Archive for September, 2016

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Challenges and Gratitude: A Survey of Conservative Anabaptist Schools

The following excerpt is part 1 of 2 and is taken from the fall 2016 newsletter of Faith Builders Educational Programs. Part 2 will be printed in the November newsletter. For the complete article with details of how the survey was conducted, see



In order to understand the needs and opportunities facing conservative Anabaptist schools in a broader context, Faith Builders conducted a survey during the first half of 2016. One hundred fifty schools from conferences and fellowships often represented at Faith Builders’ events were invited to complete a four-page survey. Representatives of sixty-two schools completed the survey. These sixty-two responses, coming from various geographic regions and from large and small schools, confirmed that the conversations we have with teachers and principals represent the needs and opportunities of many schools.

The four needs and two areas of gratitude identified in this summary of our survey may offer guidance for school boards, school administrators, church leaders, parents, and others who care about the schools that train our children. While respondents identified other areas of need, the four primary needs in our schools are teachers, financial sustainability, exceptional learners, and church history curriculum.


1) Teachers

By multiple measures, the challenge of finding and keeping qualified teachers is one of the primary needs of our schools. On the general question of challenges, 40% of respondents listed issues related to teachers as one of the challenges they face. The responses range from “finding qualified teachers” to “retaining staff long-term” to “poor teacher vetting and hiring.”

In addition, over 35% of respondents described challenges related to developing and supporting the teachers in the school. A teaching principal at a smaller school described the challenge of “balancing teacher workload with a quality learning experience.” A principal at a larger school highlighted the challenge of teacher burnout. From a school board perspective, finding teachers was the second most-frequently mentioned item that boards spend time discussing. Recruiting and keeping teachers continues to be one of the primary needs of conservative Anabaptist schools.


2) Financial Sustainability

A second primary need of these schools is the financial demand of operating a school. On the general question of challenges, nearly half of the respondents mentioned some dimension of the school in which finances presented a challenge. An administrator stated that they face the challenge of “setting an affordable tuition that also meets the operating budget.” Another respondent highlighted the challenge of “properly compensating staff.” Forty-eight percent of school boards surveyed indicated that finances and fundraising receive significant attention during meetings.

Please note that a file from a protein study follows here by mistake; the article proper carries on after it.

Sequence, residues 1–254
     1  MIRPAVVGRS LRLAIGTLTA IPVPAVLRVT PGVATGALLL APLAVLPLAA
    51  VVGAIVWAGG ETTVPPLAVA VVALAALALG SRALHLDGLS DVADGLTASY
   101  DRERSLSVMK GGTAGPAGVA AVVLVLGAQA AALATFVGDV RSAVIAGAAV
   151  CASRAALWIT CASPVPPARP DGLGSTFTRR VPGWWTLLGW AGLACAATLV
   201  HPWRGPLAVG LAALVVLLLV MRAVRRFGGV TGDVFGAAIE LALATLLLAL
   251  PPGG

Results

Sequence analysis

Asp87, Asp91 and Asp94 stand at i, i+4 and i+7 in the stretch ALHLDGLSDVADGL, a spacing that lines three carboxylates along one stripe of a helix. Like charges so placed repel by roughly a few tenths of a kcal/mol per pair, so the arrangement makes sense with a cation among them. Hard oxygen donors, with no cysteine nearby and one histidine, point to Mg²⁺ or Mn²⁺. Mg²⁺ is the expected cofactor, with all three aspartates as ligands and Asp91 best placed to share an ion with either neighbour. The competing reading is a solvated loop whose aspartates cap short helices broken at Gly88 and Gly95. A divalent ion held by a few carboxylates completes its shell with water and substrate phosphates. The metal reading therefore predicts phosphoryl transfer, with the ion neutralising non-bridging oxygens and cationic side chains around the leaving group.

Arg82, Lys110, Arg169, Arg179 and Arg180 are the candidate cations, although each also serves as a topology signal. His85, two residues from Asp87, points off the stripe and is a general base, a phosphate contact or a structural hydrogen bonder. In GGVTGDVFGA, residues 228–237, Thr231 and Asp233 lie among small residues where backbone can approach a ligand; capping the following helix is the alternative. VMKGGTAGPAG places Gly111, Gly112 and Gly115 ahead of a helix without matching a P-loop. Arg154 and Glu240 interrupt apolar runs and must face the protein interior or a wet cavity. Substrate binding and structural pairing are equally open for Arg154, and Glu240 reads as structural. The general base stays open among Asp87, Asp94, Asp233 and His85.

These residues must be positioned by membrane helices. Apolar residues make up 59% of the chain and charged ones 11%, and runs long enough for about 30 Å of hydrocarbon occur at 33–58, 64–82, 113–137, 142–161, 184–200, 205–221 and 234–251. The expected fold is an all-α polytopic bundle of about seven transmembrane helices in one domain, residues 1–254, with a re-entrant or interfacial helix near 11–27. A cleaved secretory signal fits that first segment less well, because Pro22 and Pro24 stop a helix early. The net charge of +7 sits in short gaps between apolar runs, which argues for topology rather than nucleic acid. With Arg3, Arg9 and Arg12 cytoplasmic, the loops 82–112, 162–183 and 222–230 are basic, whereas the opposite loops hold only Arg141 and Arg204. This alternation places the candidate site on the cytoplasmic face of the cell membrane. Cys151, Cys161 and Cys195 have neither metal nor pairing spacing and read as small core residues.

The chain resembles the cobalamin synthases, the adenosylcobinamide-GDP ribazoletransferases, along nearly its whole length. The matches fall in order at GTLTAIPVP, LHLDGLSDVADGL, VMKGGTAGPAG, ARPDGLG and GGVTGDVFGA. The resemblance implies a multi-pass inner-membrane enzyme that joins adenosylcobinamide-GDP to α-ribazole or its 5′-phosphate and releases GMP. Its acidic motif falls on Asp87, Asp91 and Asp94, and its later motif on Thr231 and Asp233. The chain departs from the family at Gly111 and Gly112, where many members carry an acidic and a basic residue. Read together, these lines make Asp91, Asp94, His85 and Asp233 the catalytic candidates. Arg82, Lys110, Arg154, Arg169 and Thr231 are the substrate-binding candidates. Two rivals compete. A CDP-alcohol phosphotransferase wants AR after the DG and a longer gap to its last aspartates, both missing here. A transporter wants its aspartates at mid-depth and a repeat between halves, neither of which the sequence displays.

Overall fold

3) Exceptional Learners

Though student behavioral issues are not reported as a big problem, 26% of respondents listed issues such as motivation and behavior as a challenge they face in operating the school. This seems fairly typical and is not a large area of concern. The greatest need in relation to students comes in serving special needs students. Twenty-seven percent of respondents listed the challenge of special needs students in their classrooms. Respondents state that they need knowledge about how to help these students; they are also challenged to find the right staff to work with special needs students. Four respondents indicated that this issue demands a significant portion of school board discussions, with at least one aspect of this being financial: how do we pay for the additional staff or space needed to serve special needs learners? A veteran teacher and principal observed, “The elephant in the room is special needs students. Probably every school has students they don’t know what to do with.” School boards and teachers need resources to help them serve special needs students effectively.


Posted by Kristen on Sep 30th 2016 | Filed in Uncategorized | Comments (0)

So What Do You Do Over the Summer?

One of the interesting questions that teachers often get asked is what they do in “all their spare time” during summer break. It seems to me that this is kind of like asking a farmer what he does in the winter! I’m sure they have plenty to do, just as teachers do in the summer. Here are some things we were up to:

Mr. and Mrs. Swanson:
Our whole family went to Shenandoah Christian Music Camp in June.  Jeff and I went on a 10-day tour of a few east coast states singing with the Oasis Chorale in July, and then we were at Teachers Week at Faith Builders in August.

Mr. Musser and family:
We spent three days at the cabin with each side of the family, kept the garden weed free, had numerous speaking engagements, writing assignments, and were at Faith Builders Teacher’s week. Oh, and school was mostly ready to go on August 25.

Mrs. Martin:
Summer is my time to do gardening, canning, freezing, and house cleaning. I also spent a fair bit of time in the office keeping up with book work and preparing for the coming school year.

Miss Jenna:
I spent the month of June working at Alliance Relief in Athens, Greece. The first weeks of July were spent in the classroom with all things school related. And the last full weeks of summer found me touring Poland with Hope Singers.

Miss Zimmerman:
I spent 5 weeks in Thailand teaching English at Suansawanvithaya School in southern Thailand and visiting a friend in Chiang Mai.  I also spent a day in Doha, Qatar on the way home.

Mr. Smoker:
My summer consisted of traveling to Indonesia and California, doing college studies, working in the woodshop, gardening, and enjoying spending time with my lovely wife.


Posted by Kristen on Sep 8th 2016 | Filed in Uncategorized | Comments (0)